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Montage | Gallery

Walls of Power

January-February 2007

Following the “decisive moment” tradition of Henri Cartier-Bresson, Carlin Wing ’02 started out doing New York street photography in high school. One day in a supermarket, she got yelled at for taking pictures without the subjects’ permission. “How do you take street photos and ask permission?” she wondered. “Asking permission ruins it.” These questions led Wing to consider the invasive or even exploitative nature of the photograph, with this upshot: “I stopped taking pictures of people.”

But she didn’t stop taking pictures. At Harvard, she pursued a joint concentration in visual and environmental studies (VES) and social anthropology. “Photography grew up in the era of colonialism,” she explains. “It was a way to show ‘the other.’ For a long time, anthropology was about powerful people going somewhere to study people with less power. I think it’s also important to study the powerful. You can study corporate culture like any other culture.”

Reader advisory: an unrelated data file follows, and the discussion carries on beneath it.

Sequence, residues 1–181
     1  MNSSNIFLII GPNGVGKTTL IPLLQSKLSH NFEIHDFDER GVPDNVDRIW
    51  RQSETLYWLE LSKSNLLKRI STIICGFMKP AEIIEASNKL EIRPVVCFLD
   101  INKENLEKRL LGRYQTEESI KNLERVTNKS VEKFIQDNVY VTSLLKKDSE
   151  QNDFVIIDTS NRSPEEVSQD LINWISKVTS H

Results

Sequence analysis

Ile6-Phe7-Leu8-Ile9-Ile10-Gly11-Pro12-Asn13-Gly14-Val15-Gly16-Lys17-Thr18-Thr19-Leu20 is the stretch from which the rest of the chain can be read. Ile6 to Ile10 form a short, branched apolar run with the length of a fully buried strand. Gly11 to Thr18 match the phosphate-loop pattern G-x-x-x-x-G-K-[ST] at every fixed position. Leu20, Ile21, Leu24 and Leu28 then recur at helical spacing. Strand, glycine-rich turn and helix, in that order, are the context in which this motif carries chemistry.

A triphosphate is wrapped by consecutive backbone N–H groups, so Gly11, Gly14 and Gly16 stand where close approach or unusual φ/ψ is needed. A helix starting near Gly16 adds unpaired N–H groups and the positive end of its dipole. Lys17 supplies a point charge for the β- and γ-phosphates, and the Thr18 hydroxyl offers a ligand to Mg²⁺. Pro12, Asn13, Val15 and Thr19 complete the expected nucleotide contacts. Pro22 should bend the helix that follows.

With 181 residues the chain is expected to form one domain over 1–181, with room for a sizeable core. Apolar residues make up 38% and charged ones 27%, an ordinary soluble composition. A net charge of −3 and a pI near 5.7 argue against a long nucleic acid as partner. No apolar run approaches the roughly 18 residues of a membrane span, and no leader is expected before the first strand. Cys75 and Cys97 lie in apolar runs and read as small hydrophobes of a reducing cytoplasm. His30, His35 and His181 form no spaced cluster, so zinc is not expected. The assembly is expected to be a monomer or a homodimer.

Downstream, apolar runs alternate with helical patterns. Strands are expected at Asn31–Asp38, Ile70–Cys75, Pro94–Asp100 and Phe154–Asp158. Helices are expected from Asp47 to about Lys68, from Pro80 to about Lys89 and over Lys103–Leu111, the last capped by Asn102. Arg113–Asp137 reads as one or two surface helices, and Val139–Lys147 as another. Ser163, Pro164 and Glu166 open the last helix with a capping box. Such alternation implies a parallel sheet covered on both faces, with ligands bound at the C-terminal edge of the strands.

As a college junior, Wing began shooting Culture, Inc., a series of photographs of artworks hung in corporate spaces. Unfortunately for photographers, “Places of power have the power to control access,” says Wing. “They don’t want anyone else interpreting their image. Large companies like Philip Morris and Fidelity would not let me in.” Luckily, she had family connections: both her parents are attorneys, and their law firms granted Wing permission to shoot in their offices. (So far, in fact, all the Culture, Inc. spaces have been law firms.) “Corporations buy the majority of art—they have the most wall space. Learning this was a huge shock to me,” Wing says. “My photographs juxtapose high art and corporate environments in a way that stands as a metaphor for the relationship between the two.”

Two photographs from Carlin Wing's series Culture, Inc. depict interiors at law firms.
Courtesy of Carlin Wing

A top varsity squash player at Harvard, Wing moved to Amsterdam after college and played a couple of years of professional squash on the international circuit. Returning to Cambridge in 2004, she worked as a teaching assistant in VES, and continues competitive squash. (One of her new projects involves shooting glass-walled squash courts at different tournament venues.) Last year, she was one of eight young American photographers included in an international group show, reGeneration: 50 Photographers of Tomorrow.

Wing is now a graduate student in photography and media at the California Institute of the Arts. Her new photo series has progressed upward, from shooting walls to shooting ceilings. Ceilings, she reports, are “much less blank than I thought.”